What is a Master’s of Science in Nursing (MSN)?
Pursuing a Master’s of Science in Nursing (MSN) is a significant step in advancing your career as a nurse. Whether you are already a Registered Nurse (RN) or are just beginning to explore the opportunities available in a nursing career, there are a number of benefits to considering an advanced degree in nursing.
Nursing is a fulfilling career that provides the opportunity to work closely with other healthcare providers, educate and treat patients, and assist in certain medical assessments and procedures. Nurses often build a strong rapport with patients and their families, and are known for being great communicators, problem solvers, and compassionate caregivers. Advanced degrees such as an MSN allow nurses more authority in patient care, higher paying career options, and specialty training in an area of specific interest.
What Can I Do with a Master’s of Science in Nursing?
A Master’s of Science in Nursing allows RNs to pursue more specific career paths. With the correct MSN degree, a registered nurse can become certified in the following fields:
- Nurse Practitioner (NP)
- Nurse Midwife (CNM)
- Nurse Anesthetist (CRNA)
- Nursing Instructor
On top of these career options, MSN students pursuing a career as a Nurse Practitioner choose a specialty that opens the door to additional career paths, such as pediatrics, adult-gerontology, family medicine, acute care, and women’s health. Regardless of your career choice, an MSN degree can lead to an enhanced ability to provide patient care and work in a variety of environments and facilities.
In many states, Nurse Practitioners (NP) are qualified to prescribe medications and even maintain independent practices. Many patients seek out Nurse Practitioners for general medical treatment, as NPs often provide more holistic care and tend to give more time to understanding patient needs and circumstances. NPs also work in hospitals, outpatient care facilities, and at private practices alongside physicians who offer oversight and support.
Other advanced degree registered nurses opt to pursue specialties in midwifery and anesthesiology, both of which provide opportunities nationwide in hospitals, private clinics, and birthing centers.
Salary and Career Growth
Understanding your career and salary potential is an important part of deciding whether or not to pursue an advanced nursing degree. MSN programs can be expensive, but the benefits of receiving an MSN far outweigh the upfront costs. Nursing is a rapidly expanding career and with changes in healthcare practices and insurance costs, many more opportunities are available for advanced degree registered nurses (ADRN).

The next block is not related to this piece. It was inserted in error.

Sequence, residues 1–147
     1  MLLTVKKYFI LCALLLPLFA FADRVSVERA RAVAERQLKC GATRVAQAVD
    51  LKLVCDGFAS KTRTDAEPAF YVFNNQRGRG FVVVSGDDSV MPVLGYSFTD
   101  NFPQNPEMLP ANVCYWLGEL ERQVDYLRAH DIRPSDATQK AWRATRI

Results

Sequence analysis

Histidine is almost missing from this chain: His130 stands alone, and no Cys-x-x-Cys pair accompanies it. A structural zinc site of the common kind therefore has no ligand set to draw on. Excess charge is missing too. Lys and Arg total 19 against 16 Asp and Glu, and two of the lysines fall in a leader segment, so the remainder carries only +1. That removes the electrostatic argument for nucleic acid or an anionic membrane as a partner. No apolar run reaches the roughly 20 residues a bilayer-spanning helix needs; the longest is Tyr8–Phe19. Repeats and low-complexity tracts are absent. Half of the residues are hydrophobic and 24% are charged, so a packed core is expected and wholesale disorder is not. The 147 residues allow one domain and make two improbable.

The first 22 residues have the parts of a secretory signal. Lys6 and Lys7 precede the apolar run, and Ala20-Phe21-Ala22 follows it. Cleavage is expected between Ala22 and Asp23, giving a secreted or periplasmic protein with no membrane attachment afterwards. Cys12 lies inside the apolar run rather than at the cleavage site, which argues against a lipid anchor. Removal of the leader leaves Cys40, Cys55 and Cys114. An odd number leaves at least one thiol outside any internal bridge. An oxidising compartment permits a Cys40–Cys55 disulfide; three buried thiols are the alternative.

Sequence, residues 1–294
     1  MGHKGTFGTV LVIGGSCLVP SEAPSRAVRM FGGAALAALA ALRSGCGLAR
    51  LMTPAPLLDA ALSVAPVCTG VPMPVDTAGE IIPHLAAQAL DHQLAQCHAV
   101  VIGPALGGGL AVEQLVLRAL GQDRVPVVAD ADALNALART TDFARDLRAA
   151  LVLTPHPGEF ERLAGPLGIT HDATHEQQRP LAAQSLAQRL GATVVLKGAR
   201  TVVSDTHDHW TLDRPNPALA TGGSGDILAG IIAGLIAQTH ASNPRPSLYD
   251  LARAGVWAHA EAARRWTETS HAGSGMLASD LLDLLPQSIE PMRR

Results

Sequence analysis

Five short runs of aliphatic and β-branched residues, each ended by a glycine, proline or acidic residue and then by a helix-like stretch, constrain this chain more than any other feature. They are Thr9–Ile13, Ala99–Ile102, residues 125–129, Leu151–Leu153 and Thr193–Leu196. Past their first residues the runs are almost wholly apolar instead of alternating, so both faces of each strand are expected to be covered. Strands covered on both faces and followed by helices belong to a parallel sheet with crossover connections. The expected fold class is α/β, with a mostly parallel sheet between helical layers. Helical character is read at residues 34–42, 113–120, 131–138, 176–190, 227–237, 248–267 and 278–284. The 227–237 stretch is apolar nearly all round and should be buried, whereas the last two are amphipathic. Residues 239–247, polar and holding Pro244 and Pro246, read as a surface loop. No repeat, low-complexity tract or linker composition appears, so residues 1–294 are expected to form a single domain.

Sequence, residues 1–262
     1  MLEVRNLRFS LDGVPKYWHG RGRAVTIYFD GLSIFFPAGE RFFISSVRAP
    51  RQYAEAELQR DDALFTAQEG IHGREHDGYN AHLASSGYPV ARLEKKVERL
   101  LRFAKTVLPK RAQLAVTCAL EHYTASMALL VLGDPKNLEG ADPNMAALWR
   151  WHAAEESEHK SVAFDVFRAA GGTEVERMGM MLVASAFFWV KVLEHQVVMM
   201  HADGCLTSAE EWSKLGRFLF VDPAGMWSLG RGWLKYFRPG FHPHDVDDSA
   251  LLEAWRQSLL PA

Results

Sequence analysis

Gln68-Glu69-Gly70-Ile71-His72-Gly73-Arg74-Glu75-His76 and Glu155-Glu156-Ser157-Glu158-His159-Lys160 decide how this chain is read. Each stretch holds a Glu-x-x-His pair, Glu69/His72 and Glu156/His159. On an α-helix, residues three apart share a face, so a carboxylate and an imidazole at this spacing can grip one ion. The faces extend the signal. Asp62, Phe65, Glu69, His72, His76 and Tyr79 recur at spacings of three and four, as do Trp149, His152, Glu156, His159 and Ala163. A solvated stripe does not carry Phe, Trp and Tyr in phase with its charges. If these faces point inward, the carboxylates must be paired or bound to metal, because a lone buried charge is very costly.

With a Master’s of Science in Nursing, you have the opportunity to become licensed in a multitude of careers that will allow you to work independently and alongside other healthcare providers to treat, prescribe, and examine patients. As the healthcare industry focuses more on long term care and preventative health, patients are often looking to alternative healthcare providers, such as nurse practitioners. Nursing offers a uniquely holistic and educational approach to healthcare and advanced degree nurses are able to offer their patients a more complete understanding of how to manage their long-term health.
These changes toward both approach and attitude in healthcare have allowed for incredible growth within the nursing field. The Bureau of Labor Statistics projects that there will be a growth of over 30% in nursing jobs as a whole by 2026. The projections for each of the main advanced degree careers are also very encouraging. Between 2016 and 2026, there is expected to be a 16.2% increase in careers for nurse anesthetists, a 20.7% increase for nurse midwives, and a 36.1% increase for nurse practitioners, all of which are careers achieved through an MSN degree.
While career growth is an important consideration in choosing a degree program, salary outlooks are also worth noting as you consider pursuing an MSN degree. Registered nurses are currently earning a median wage of $71,730 nationwide. The average salary of an RN can fluctuate based on location, the type of facility in which an RN works, and it can even fluctuate from hospital to hospital. Nursing careers that require an MSN degree have an even higher earning potential, which is projected to increase as job opportunities and demand also increase. The current median salaries for nurse midwives, nurse practitioners, and nurse anesthetists range from $103,770 to $167,950 with nurse anesthetists earning at the higher end of the range.
A Master’s of Science in Nursing can greatly increase both salary potential and career opportunities. While projected growth in the nursing field is encouraging, it is also significant to understand the path to receiving your MSN degree and whether or not a career in nursing is right for you.
Requirements for Earning a Master’s of Science in Nursing